26 October 2007

What will the future sound like?

In my previous post, I defined three constituencies in the music business. None of these seem likely to leave it, since two are requisite and the third — the middle-man, of course — can do things well that content creators typically cannot.

I’ve assigned myself the task of speculating on what those three players in the game can do to maximize their benefit, so...

The consumer gets what he wants through recommendations and listening opportunities. The musician gets what he wants through hard work, good luck, patience, and probably too often a dash of bootlicking.

The record companies get what they want through savvy decisions and an inordinately fortunate position of control over the full smash, to which they are desperately clinging.

As it stands the consumer is in the best position over the long term. The production values of newly available music may fall, but not so precipitously as to make it unpalatable.

Musicians need access to, or possession of, marketing expertise in inversely proportional measure to their attractiveness to listeners — expertise they currently gain from their association with recording labels.

Traditional recording companies need to set up Internet-compatible methods of distribution, or die.

One solution capable of preserving the status quo has been screaming in my face...

Use the full capabilities of the network

It is feasible, if not entirely easy, to accurately meter filesharing traffic. It’s no less feasible to work out who got downloaded, with a workable degree of accuracy.

Ultimately, telcos and ISP’s are the ones best suited to figuring out the winners of the game, passing on the fair cost to their customers, and managing the payouts accordingly, but I am mystified as to the excuses for not having tried.

Encryption and spoofing exist as easily implemented methods for zarking the numbers, and widespread attempts to break the system would create a tragedy of the commons. At the same time, the motivations for such an outcome would result only if listeners:

  • Genuinely felt entitled to get their music for free, or
  • Considered themselves unconscionably abused by the recording industry.

Cogitate on those, kids, because they’re instructive in understanding the current music marketplace.

If the current distro model shatters, whence comes the money?

First, let's not forget that the Compact Disc (or at least optical media) will not go away. Files get clobbered, common formats tend to deliver poor quality even when played through the best amplifiers and speakers, and these days, at least, low-volume pressings are hard to find online.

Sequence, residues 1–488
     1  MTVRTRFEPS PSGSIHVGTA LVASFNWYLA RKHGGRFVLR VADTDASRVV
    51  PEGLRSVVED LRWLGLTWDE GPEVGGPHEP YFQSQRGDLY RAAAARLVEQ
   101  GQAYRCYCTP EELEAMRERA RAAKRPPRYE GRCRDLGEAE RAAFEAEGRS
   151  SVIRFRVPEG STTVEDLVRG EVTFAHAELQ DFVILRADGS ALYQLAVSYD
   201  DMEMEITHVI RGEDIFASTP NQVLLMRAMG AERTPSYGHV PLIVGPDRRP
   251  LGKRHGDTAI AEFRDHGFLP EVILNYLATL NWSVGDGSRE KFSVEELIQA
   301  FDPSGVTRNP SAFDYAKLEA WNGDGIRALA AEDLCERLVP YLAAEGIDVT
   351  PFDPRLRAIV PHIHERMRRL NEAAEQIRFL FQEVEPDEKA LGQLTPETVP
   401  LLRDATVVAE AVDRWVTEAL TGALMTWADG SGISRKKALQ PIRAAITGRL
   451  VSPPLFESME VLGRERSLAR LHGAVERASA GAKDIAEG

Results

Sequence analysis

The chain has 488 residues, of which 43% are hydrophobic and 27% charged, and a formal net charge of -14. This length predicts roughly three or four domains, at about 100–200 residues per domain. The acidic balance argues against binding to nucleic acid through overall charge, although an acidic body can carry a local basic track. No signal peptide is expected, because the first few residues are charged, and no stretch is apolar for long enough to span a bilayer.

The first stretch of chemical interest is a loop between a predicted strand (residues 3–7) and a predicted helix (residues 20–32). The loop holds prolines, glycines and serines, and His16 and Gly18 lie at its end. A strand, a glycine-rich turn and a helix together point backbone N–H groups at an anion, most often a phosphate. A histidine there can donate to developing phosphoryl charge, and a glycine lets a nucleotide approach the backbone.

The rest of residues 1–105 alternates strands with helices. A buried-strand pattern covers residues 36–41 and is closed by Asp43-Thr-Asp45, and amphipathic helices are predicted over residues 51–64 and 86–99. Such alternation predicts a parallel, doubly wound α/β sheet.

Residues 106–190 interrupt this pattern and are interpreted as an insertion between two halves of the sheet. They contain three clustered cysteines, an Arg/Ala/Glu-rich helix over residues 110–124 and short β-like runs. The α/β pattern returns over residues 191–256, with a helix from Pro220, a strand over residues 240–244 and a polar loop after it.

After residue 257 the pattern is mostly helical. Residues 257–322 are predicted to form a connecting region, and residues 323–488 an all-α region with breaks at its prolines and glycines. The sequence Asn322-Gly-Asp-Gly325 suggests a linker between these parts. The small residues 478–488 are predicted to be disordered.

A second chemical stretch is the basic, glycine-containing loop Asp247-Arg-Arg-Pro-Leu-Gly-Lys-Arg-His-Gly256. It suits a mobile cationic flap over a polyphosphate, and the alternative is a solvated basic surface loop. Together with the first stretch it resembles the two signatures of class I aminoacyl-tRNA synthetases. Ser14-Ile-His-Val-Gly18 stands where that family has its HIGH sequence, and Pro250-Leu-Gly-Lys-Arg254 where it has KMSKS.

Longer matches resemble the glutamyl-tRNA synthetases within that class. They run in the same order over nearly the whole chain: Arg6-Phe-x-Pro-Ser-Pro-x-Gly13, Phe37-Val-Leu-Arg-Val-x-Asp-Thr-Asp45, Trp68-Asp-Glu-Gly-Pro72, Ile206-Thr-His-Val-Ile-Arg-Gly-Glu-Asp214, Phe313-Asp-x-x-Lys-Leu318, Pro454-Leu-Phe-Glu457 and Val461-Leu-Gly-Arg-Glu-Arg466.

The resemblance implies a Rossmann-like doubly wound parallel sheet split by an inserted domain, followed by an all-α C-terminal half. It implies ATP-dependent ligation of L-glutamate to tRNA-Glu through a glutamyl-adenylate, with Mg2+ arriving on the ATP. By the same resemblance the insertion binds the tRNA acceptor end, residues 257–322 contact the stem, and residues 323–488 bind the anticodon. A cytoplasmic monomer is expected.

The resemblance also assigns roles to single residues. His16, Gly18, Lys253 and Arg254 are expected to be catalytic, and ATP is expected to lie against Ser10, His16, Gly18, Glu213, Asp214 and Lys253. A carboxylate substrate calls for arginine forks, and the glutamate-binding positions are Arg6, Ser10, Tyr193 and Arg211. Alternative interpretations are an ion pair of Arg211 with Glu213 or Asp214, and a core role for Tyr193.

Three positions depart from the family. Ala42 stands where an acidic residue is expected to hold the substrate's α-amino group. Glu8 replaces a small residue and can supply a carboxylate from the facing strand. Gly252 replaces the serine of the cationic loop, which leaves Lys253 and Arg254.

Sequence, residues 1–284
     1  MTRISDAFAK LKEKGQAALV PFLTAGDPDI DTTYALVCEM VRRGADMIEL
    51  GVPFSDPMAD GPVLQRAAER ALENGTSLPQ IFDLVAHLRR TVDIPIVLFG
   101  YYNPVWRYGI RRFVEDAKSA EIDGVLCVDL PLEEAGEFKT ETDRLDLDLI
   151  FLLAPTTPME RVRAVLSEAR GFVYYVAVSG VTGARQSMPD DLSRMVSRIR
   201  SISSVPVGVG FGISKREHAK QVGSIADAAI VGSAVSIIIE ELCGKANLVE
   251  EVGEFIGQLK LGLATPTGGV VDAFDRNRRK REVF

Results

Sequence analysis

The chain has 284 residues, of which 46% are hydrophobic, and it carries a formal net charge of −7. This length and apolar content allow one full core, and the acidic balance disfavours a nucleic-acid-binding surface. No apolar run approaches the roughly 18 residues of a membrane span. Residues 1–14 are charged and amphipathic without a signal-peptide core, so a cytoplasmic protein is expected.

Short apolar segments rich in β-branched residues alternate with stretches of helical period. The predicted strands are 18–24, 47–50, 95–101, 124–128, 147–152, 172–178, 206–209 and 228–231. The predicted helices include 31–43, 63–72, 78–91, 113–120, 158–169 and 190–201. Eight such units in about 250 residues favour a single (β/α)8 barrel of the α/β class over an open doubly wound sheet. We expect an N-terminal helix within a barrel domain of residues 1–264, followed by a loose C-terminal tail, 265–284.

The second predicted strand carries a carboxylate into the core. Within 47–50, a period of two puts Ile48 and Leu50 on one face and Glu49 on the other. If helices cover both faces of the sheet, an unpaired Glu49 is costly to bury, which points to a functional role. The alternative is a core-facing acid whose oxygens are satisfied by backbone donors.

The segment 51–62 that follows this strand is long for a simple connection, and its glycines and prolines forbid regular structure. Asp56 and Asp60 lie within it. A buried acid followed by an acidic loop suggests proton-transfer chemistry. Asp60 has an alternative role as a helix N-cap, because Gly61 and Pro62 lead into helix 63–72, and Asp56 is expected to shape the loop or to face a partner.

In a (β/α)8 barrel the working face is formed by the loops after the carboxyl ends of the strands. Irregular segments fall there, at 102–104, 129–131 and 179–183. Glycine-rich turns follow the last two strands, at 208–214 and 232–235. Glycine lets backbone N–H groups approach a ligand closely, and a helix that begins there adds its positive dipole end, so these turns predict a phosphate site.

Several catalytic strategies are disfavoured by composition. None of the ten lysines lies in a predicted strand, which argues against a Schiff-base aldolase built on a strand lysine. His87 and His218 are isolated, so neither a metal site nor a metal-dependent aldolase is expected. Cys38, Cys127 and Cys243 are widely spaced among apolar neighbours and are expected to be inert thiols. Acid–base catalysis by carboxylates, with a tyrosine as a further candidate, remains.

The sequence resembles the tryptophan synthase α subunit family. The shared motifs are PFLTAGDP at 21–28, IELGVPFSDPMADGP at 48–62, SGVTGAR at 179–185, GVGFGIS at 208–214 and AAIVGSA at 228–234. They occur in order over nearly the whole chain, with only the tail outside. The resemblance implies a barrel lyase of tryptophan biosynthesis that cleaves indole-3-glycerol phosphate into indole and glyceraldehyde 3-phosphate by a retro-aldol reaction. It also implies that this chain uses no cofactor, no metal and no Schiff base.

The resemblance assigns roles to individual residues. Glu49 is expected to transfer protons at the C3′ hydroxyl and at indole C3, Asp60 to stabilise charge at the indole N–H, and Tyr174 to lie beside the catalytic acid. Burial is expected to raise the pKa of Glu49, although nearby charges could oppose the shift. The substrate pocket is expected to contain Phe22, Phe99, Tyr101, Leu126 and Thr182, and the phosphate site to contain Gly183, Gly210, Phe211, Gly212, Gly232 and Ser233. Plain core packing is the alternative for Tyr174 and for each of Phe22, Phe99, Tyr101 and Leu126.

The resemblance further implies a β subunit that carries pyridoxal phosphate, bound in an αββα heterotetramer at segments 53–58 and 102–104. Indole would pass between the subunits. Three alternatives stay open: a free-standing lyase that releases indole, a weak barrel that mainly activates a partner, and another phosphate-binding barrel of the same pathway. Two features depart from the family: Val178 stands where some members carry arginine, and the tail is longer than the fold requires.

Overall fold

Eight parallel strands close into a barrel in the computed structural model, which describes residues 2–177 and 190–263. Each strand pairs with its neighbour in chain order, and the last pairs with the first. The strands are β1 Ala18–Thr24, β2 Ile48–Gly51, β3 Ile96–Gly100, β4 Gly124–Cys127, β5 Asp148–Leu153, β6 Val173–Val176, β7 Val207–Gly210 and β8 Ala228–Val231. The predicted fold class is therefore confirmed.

In addition to this, if we assume that services and tangibles are all that can be obtained at fair value, what can musicians sell from those categories of goods?


This is a no-brainer, folks, even if it's a total forward-to-the-past item.

High quality collateral items (e.g., liner notes, posters)

For all the advances in consumer-grade printing technologies, few listeners will happily invest in fancy offset printing or screenprinting hardware, but given sufficient capital, musicians can contract someone who has. Of course, this only works if listeners are keen on identifying themselves as afficionadoes of a given artist or ensemble... but judging by the t-shirts I see, this happens pretty often.


Superstars everywhere get sponsorships that are often worth more than they make at their day jobs. Can’t this scale?

I suppose that in a world of consumer-friendly, recording-industry-hostile distribution channels a premium would be put on the average contribution to these revenue streams that is far greater than what we see today, but I’m not convinced it’s not feasible.

Another thought that occurs to me is that casual CD purchases may well drop in long run as a matter of course, for the same reasons that photography as a profession has taken a beating: background music will become flatly common, leaving the listeners who really care to fund more and better musicians, instead of swallowing recording industry pablum that allows the mediocre-yet-marketable to become superstars.

...And the record companies?

Middlemen are middlemen, so I don’t worry about how they will keep food on the table. The sharp ones will cut through the marketplace, and the dull ones will be ground down to nothing, end of story.

What happens if the recording industry gets the market protections it’s demanding?

To be honest, I don’t see that outcome having much shelf life even if it does arrive, for the same two reasons listeners already have for ripping them off. Technology will escalate; in the worst case the entire Internet population will be composed of petty criminals and their household-mates. How do you sue them all and get away with it?

Have I offered any sure solutions here?


In the process I’ve confirmed the basis of Matt’s prediction, if not its particulars — I believe that the futures of live performance and niche recording have a much broader and more interesting scope than that offered by public-domain chamber music alone. However, that broadness can only come to life if the middlemen stop trying to shove the lowest common denominator down the throats of their entire market.

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